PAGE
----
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Research Letter
July 8, 2020

Late Coronary Stent Thrombosis in a Patient With Coronavirus Disease 2019

Author Affiliations
  • 1Hospital Universitario de La Princesa, Madrid, Spain
  • 2Instituto de Investigación Sanitaria de La Princesa, Centro de Investigación Biomédica en Red–Enfermedades Cardiovasculares, Hospital Universitario de La Princesa, Department of Cardiology, Universidad Autónoma de Madrid, Madrid, Spain
JAMA Cardiol. Published online July 8, 2020. doi:10.1001/jamacardio.2020.2459

The excessive inflammatory response and hypercoaguable state associated with coronavirus disease 2019 (COVID-19) might trigger acute coronary events or stent thrombosis. However, cases of stent thrombosis directly associated with COVID-19 have not been reported.

We describe a patient with COVID-19 developing late drug-eluting stent thrombosis. Academic ethics committee approval was waived because this was a single-case report; written informed consent was obtained from the patient.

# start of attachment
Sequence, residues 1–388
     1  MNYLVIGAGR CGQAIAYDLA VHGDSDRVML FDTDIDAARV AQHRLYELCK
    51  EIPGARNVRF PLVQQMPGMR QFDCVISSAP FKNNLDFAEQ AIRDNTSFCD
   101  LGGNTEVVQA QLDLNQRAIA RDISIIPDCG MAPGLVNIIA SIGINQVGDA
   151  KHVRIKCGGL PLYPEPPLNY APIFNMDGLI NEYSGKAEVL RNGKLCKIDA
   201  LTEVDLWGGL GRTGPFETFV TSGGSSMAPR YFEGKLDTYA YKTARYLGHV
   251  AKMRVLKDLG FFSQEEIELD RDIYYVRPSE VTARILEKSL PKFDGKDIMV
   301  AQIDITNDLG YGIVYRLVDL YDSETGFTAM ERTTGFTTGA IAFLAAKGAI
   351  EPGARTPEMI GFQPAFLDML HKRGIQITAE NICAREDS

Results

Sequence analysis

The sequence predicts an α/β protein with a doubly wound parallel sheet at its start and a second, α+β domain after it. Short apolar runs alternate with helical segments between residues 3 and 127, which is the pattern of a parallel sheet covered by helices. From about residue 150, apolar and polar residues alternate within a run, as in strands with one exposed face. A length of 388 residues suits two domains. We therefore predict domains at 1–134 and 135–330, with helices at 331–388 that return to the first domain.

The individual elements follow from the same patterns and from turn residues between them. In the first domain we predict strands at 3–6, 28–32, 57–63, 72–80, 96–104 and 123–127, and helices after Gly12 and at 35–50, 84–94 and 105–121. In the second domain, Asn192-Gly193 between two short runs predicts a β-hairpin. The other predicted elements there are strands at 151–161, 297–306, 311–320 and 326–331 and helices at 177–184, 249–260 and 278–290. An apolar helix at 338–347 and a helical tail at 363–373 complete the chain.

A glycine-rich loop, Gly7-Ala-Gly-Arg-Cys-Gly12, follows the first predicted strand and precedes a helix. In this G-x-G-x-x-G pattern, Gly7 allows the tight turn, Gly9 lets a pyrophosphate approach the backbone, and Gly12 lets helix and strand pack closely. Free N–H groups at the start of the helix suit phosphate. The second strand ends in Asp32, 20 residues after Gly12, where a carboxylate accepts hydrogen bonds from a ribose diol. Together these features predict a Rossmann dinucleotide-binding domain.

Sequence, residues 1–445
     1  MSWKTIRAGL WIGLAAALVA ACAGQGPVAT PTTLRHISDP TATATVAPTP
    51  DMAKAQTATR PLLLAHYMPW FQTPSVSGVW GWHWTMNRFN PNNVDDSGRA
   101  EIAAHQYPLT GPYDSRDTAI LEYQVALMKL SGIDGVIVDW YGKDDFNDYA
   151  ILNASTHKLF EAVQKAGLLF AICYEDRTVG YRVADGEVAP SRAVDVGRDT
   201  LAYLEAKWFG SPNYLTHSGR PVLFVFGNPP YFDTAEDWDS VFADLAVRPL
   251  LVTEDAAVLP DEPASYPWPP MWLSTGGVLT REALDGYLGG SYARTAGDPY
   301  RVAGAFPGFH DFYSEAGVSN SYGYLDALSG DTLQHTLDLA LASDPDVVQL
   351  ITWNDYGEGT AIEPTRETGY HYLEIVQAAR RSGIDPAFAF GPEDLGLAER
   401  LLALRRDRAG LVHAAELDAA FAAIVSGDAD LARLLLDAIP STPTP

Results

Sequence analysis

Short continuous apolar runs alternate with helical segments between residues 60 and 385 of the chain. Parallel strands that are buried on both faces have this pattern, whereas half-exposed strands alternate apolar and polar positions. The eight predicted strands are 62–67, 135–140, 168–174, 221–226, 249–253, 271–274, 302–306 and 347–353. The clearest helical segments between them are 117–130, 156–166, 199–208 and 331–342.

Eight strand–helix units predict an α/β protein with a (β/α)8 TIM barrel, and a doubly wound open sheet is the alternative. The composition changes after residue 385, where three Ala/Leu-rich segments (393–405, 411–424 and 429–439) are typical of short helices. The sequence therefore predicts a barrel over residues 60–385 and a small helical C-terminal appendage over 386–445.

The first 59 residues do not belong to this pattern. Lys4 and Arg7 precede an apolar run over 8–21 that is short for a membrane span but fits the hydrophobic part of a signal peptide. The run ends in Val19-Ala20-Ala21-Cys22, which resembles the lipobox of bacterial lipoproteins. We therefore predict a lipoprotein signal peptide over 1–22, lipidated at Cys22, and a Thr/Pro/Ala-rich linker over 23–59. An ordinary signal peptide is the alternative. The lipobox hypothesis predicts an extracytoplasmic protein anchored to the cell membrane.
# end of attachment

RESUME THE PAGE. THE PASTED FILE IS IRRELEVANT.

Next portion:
An 81-year-old man with hypertension, coronary artery disease, and recent COVID-19 infection presented in April 2020 with an anterior ST-segment elevation myocardial infarction. Five years prior to admission, following a myocardial infarction, drug-eluting stents were implanted in his left main to left anterior descending coronary artery (LAD), circumflex coronary artery, and right coronary artery. Three months prior to admission, an exercise test with a positive result led to the implantation of a durable-polymer ridaforolimus drug-eluting stent (3 × 15 mm) in a de novo lesion in the proximal left anterior descending coronary artery, overlapping with the stent coming from the left main coronary artery. He was compliant with a dual antiplatelet regimen of aspirin and clopidogrel. Ten days prior to admission, he was admitted to another hospital for dyspnea and fever, with a final diagnosis of COVID-19 with bilateral pneumonia. A marked increase in inflammatory markers was observed, including elevated levels of D-dimer (63 μg/mL [to convert to nanomoles per liter, multiply by 5.476]), fibrinogen (850 mg/dL [to convert to grams per liter, multiply by 0.01]), lactate dehydrogenase (423 U/L [to convert microkatals per liter, multiply by 0.0167]), C-reactive protein (5.5 mg/dL [to convert to milligrams per liter, multiply by 10]), and interleukin 6 (95 pg/mL). Treatment included hydroxychloroquine, azithromycin, and oxygen, with clinical improvement. On transfer to our institution, urgent coronary angiography revealed thrombotic occlusion of the left anterior descending coronary artery stent (Figure, A). Mechanical thromboaspiration failed to retrieve any macroscopic thrombus but restored coronary flow. Optical coherence tomography revealed a large occlusive mixed thrombus (Figure, B and C) overlying a segment with uncovered struts (Figure, D). Malapposition was demonstrated at the proximal segment of the stent (Figure, E). The minimal stent area was 4.6 mm2, with a stent expansion (compared with mean reference lumen areas) of 72%. Balloon angioplasty (with a 3.0-mm, noncompliant balloon at 22 atmospheres) obtained an excellent angiographic result. Repeated optical coherence tomography revealed some residual thrombus but improved expansion and malapposition.